The Rundown

The SEC's best 25 players: No. 4

February, 21, 2013
We go from the top guard in college football at No. 5 in our countdown to the top tackle in college football at No. 4.

No. 4: Luke Joeckel, OT, Texas A&M, Jr.

2012 summary: Joeckel won the Outland Trophy as the most outstanding interior lineman in college football. He became the first Texas A&M player to win the award. He was also a unanimous first-team All-America selection and ended his career with 39 consecutive starts at left tackle. The Aggies finished third nationally this past season in total offense with an average of 558.5 yards per game.

Most recent ranking: No. 20 in the 2012 preseason countdown.

Making the case for Joeckel: The Aggies had the luxury this past season of having two of the best offensive tackles in college football on the same team. Jake Matthews did his thing at right tackle, and Joeckel for the third straight season was a force at left tackle. At 6-6 and 310 pounds, Joeckel owned the left side of the line for the Aggies. He was a devastating run-blocker and specialized in driving whoever was in front of him 4 or 5 yards down the field. He combined strength and quickness, along with powerful hands, to overwhelm opponents. He wasn't known as much for his pass-blocking, but was certainly good enough. Besides, Johnny Manziel was always scrambling. Texas A&M averaged 546.2 yards and 39.1 points against SEC defenses this past season. To put up those kind of numbers against the defensive front-sevens you face in this league, you have to be exceptional up front on offense. The Aggies had one of the best offensive lines in college football, and Joeckel was the anchor of that unit. Some analysts have projected him to go No. 1 overall in April's NFL draft. He only played one season in the SEC, but what a season it was.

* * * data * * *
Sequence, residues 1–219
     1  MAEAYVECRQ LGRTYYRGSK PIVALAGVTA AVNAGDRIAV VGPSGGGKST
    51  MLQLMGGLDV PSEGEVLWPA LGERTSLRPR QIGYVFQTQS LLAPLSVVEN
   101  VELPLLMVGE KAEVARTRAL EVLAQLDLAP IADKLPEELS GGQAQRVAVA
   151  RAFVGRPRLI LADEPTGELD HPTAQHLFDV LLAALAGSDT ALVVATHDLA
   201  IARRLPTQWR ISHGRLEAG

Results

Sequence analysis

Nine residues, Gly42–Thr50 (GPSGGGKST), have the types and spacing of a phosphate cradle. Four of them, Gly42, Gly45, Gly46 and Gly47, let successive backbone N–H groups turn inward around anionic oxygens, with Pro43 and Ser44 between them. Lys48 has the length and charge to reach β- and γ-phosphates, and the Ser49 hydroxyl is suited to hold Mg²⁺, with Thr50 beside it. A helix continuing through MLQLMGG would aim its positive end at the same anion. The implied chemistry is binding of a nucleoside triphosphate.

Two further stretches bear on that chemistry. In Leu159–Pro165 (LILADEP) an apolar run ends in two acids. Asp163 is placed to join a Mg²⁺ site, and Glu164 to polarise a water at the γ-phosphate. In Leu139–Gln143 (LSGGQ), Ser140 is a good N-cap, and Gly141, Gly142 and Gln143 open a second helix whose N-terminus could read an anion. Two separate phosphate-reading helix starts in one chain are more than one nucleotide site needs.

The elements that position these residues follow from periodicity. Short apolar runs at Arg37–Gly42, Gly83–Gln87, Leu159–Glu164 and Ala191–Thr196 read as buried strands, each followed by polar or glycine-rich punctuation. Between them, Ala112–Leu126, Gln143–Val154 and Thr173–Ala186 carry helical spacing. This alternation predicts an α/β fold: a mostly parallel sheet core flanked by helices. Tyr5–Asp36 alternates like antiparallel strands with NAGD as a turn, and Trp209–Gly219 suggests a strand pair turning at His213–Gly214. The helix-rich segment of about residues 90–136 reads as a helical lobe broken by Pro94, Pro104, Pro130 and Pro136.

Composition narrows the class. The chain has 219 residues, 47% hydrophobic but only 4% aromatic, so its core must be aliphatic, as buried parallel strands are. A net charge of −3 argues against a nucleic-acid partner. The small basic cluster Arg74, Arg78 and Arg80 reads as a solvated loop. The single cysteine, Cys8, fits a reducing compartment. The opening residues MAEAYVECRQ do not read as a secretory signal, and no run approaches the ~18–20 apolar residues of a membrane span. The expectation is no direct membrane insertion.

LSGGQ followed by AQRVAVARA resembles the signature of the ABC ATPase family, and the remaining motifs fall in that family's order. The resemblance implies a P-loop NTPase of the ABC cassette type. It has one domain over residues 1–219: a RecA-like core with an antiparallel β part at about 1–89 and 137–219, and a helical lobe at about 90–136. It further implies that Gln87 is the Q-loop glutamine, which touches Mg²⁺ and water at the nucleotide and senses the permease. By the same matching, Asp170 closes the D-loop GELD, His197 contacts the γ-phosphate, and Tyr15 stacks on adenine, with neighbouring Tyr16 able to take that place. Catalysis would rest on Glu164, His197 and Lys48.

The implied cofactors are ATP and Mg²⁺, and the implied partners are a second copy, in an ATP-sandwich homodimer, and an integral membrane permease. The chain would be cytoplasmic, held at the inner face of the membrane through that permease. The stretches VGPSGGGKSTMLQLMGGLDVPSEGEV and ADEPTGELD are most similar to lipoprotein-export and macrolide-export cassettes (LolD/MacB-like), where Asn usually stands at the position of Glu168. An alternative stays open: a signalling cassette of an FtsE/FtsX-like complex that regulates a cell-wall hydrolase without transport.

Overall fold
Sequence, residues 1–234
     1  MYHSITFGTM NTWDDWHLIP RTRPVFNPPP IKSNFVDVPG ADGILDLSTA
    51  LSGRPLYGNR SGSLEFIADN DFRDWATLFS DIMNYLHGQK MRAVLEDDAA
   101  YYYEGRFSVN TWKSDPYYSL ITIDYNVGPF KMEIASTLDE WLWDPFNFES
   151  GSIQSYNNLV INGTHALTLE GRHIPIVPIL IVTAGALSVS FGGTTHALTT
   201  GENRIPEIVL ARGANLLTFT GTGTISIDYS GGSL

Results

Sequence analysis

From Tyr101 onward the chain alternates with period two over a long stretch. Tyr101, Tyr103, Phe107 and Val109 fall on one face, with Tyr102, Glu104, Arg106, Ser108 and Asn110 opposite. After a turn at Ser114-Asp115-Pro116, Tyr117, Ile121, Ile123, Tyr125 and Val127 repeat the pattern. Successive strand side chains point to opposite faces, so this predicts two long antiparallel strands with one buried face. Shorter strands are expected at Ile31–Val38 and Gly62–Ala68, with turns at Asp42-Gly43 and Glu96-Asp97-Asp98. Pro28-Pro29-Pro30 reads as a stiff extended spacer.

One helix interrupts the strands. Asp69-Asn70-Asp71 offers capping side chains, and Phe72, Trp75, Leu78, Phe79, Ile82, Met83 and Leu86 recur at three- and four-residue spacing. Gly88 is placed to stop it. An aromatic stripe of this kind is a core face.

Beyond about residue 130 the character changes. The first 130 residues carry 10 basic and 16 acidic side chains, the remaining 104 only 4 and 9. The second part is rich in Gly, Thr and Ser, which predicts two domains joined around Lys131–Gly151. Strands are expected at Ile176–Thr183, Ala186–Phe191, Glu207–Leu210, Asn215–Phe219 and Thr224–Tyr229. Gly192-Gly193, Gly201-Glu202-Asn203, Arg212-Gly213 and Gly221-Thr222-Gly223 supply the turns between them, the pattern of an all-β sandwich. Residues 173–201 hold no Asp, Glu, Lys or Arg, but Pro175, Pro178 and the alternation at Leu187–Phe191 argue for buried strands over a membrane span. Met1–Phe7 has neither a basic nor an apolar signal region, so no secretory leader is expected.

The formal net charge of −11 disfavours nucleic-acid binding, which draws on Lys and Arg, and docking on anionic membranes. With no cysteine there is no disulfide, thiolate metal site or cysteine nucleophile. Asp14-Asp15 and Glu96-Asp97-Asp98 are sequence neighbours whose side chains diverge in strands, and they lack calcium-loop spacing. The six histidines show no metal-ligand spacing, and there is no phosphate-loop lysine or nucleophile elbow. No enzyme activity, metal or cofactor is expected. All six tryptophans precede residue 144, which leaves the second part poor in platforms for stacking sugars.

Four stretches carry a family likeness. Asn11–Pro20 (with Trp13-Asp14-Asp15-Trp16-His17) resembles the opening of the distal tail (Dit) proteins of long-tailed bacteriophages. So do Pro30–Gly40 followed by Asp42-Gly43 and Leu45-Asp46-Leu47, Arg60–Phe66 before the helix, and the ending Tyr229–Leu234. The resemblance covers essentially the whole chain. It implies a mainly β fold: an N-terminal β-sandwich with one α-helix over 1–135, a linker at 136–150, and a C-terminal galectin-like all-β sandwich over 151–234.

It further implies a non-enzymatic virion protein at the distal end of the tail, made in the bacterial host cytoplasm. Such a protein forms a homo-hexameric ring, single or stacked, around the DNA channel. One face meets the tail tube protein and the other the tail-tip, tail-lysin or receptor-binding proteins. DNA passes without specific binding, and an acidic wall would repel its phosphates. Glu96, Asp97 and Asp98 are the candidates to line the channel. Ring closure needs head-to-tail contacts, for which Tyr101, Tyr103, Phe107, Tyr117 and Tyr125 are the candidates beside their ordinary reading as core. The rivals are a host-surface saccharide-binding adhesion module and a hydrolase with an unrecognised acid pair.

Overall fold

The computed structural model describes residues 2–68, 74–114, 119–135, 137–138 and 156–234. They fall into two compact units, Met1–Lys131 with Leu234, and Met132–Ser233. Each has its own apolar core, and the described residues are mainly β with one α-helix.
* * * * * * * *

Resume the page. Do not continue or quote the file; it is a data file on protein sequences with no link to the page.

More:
The Rundown

The SEC's best 25 players: No. 6

February, 19, 2013
He might have been new to the league, but the next member of our countdown finished the year as one of the nation's best players overall:

No. 6: Damontre Moore, DE, Texas A&M, Jr.

2012 summary: Moore enjoyed a very successful first -- and only -- year in the SEC. He earned All-SEC honors from both the Associated Press and the league's coaches and was also a second-team All-American after ranking seventh nationally in tackles for loss (21) and eighth in sacks (12.5). He was third in the SEC in both categories. He also led the Aggies with 85 total tackles (57 solo), becoming the first defensive lineman since Sam Adams in 1993 to lead Texas A&M in tackles.

Most recent ranking: Not ranked in the 2012 preseason countdown.